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Coronary Artery Disease: HELP
Articles from Singapore Republic
Based on 368 articles published since 2009
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These are the 368 published articles about Coronary Artery Disease that originated from Singapore Republic during 2009-2019.
 
+ Citations + Abstracts
Pages: 1 · 2 · 3 · 4 · 5 · 6 · 7 · 8 · 9 · 10 · 11 · 12 · 13 · 14 · 15
1 Guideline Novel targets and future strategies for acute cardioprotection: Position Paper of the European Society of Cardiology Working Group on Cellular Biology of the Heart. 2017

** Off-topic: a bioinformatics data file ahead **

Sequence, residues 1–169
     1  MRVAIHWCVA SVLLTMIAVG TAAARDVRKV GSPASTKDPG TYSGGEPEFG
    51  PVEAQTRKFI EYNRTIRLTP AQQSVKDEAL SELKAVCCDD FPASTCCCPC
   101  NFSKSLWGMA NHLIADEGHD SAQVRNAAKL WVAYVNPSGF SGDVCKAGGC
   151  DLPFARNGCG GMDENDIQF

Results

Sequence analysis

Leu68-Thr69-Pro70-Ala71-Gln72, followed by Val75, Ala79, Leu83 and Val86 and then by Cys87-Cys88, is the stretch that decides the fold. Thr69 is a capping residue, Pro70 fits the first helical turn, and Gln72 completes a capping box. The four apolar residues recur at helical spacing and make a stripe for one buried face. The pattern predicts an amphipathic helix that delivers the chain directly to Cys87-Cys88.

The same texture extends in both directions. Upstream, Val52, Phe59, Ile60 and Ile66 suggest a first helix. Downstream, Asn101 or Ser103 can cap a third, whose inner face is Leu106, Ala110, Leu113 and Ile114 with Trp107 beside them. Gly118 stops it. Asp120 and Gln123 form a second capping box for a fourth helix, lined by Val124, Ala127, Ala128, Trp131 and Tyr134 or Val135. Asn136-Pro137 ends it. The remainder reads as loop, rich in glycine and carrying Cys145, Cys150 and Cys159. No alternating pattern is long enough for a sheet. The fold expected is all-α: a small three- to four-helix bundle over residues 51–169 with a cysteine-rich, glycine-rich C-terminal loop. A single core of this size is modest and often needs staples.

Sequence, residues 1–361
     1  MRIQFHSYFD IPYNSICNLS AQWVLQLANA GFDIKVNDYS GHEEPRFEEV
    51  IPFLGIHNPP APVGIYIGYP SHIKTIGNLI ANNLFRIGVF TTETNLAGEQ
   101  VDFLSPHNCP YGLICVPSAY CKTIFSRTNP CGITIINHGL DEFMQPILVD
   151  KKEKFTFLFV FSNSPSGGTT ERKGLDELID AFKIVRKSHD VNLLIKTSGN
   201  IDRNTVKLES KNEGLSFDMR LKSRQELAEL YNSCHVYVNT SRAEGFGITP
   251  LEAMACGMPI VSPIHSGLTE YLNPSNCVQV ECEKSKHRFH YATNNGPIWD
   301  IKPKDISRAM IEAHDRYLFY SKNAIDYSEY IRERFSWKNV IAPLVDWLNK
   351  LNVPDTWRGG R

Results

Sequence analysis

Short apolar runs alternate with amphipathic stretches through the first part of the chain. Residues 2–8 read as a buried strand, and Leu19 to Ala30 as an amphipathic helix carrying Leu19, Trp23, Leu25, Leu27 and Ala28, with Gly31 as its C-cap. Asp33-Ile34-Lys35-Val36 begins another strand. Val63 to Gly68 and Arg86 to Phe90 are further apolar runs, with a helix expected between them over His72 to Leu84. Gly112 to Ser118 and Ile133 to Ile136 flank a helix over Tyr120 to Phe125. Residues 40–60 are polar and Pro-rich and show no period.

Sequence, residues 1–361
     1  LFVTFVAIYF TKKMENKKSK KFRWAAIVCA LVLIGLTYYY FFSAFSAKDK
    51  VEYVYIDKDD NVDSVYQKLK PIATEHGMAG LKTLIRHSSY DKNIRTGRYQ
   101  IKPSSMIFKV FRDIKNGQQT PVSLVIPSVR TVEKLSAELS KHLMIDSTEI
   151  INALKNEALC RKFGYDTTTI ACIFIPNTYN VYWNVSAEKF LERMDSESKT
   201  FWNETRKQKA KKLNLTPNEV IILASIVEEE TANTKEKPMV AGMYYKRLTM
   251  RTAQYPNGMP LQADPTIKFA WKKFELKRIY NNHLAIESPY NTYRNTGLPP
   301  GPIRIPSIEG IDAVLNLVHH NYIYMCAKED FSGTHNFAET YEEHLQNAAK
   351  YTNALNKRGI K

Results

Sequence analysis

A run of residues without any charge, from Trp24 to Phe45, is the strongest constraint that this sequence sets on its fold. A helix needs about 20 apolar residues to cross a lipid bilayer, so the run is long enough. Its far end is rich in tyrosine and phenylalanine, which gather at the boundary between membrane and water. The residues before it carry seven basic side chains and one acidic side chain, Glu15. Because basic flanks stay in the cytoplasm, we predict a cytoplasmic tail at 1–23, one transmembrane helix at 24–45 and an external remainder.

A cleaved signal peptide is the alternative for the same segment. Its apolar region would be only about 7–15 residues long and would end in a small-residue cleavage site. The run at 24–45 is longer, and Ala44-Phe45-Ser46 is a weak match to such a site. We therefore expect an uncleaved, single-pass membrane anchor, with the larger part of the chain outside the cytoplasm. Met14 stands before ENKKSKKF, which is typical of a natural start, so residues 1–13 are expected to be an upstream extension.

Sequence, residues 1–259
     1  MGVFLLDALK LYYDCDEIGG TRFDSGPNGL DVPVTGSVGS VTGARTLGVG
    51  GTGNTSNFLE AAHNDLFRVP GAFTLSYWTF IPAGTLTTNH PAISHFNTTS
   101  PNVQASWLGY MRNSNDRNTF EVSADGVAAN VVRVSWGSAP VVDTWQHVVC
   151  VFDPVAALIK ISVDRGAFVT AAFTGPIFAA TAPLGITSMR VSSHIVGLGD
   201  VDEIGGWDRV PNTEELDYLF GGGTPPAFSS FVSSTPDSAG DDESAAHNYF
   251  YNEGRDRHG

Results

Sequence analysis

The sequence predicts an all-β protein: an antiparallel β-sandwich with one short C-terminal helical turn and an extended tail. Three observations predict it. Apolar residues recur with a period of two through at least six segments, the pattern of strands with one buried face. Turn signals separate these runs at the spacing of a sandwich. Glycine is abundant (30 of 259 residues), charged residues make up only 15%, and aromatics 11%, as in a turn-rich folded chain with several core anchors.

Hausenloy, Derek J / Garcia-Dorado, David / Bøtker, Hans Erik / Davidson, Sean M / Downey, James / Engel, Felix B / Jennings, Robert / Lecour, Sandrine / Leor, Jonathan / Madonna, Rosalinda / Ovize, Michel / Perrino, Cinzia / Prunier, Fabrice / Schulz, Rainer / Sluijter, Joost P G / Van Laake, Linda W / Vinten-Johansen, Jakob / Yellon, Derek M / Ytrehus, Kirsti / Heusch, Gerd / Ferdinandy, Péter. ·The Hatter Cardiovascular Institute, University College London, 67 Chenies Mews, London WC1E 6HX, UK; The National Institute of Health Research University College London Hospitals Biomedical Research Centre, 149 Tottenham Court Road London, W1T 7DN, UK; Cardiovascular and Metabolic Disorders Program, Duke-National University of Singapore, 8 College Road, Singapore 169857; National Heart Research Institute Singapore, National Heart Centre Singapore, 5 Hospital Dr, Singapore 169609, Singapore; Yong Loo Lin School of Medicine, National University Singapore, Singapore; Barts Heart Centre, St Bartholomew's Hospital, London, UK. · Department of Cardiology, Vall d Hebron University Hospital and Research Institute. Universitat Autònoma, Passeig de la Vall d'Hebron, 119-129, 08035 Barcelona, Spain. · Department of Cardiology, Aarhus University Hospital Skejby, Palle Juul-Jensens Boulevard 99, 8200 Aarhus N, Denmark. · The Hatter Cardiovascular Institute, University College London, 67 Chenies Mews, London WC1E 6HX, UK. · Department of Physiology and Cell Biology, College of Medicine, University of South Alabama, 5851 USA Dr. N., MSB 3074, Mobile, AL 36688, USA. · Experimental Renal and Cardiovascular Research, Department of Nephropathology, Institute of Pathology, Friedrich-Alexander-Universität Erlangen-Nßrnberg, Schloßplatz 4, 91054 Erlangen, Germany. · Department of Cardiology, Duke University, Durham, NC 27708, USA. · Department of Medicine,  Hatter  Institute for Cardiovascular Research in Africa and South African Medical Research Council Inter-University Cape Heart Group, Faculty of Health Sciences, University of Cape Town, Chris Barnard Building, Anzio Road, Observatory, 7925, Cape Town, Western Cape, South Africa. · Tamman Cardiovascular Research Institute, Sheba Medical Center, Tel Hashomer, Israel; Neufeld Cardiac Research Institute, Tel-Aviv University, Sheba Medical Center, Tel Hashomer, 5265601, Israel; Sheba Center for Regenerative Medicine, Stem Cell, and Tissue Engineering, Tel Hashomer, 5265601, Israel. · Center of Aging Sciences and Translational Medicine - CESI-MeT, "G. d'Annunzio" University, Chieti, Italy; Institute of Cardiology, Department of Neurosciences, Imaging, and Clinical Sciences, "G. d'Annunzio University, Chieti, Italy; Texas Heart Institute and University of Texas Medical School in Houston, Department of Internal Medicine, 6770 Bertner Avenue, Houston, Texas 77030 USA. · Explorations Fonctionnelles Cardiovasculaires, Hôpital Louis Pradel, 28 Avenue du Doyen Jean Lépine, 69500 Bron, France; UMR 1060 (CarMeN), Université Claude Bernard Lyon, 43 Boulevard du 11 Novembre 1918, 69100 Villeurbanne, France. · Department of Advanced Biomedical Sciences, Division of Cardiology, Federico II University Corso Umberto I, 40, 80138 Napoli, Italy. · Department of Cardiology, University of Angers, University Hospital of Angers, 4 Rue Larrey, 49100 Angers, France. · Institute of Physiology, Justus-Liebig, University of Giessen, Ludwigstraße 23, 35390 Gießen, Germany. · Cardiology and UMC Utrecht Regenerative Medicine Center, University Medical Center Utrecht, Heidelberglaan 100, 3584 CX Utrecht, Netherlands. · Division Heart and Lungs, University Medical Center Utrecht, Heidelberglaan 100, 3584 CX Utrecht, Netherlands. · Division of Cardiothoracic Surgery, Department of Surgery, Emory University, 201 Dowman Dr, Atlanta, GA 30322, USA. · The Hatter Cardiovascular Institute, University College London, 67 Chenies Mews, London WC1E 6HX, UK; The National Institute of Health Research University College London Hospitals Biomedical Research Centre, 149 Tottenham Court Road London, W1T 7DN, UK. · Cardiovascular Research Group, Department of Medical Biology, UiT The Arctic University of Norway, Hansine Hansens veg 18, 9019 Tromsø, Norway. · Institute for Pathophysiology, West-German Heart and Vascular Center, University Hospital Essen, Hufelandstrasse 55, 45147 Essen, Germany. · Department of Pharmacology and Pharmacotherapy, Semmelweis University, Budapest, Nagyvárad tér 4, 1089 Hungary; Pharmahungary Group, Graphisoft Park, 7 Záhony street, Budapest, H-1031, Hungary. ·Cardiovasc Res · Pubmed #28453734.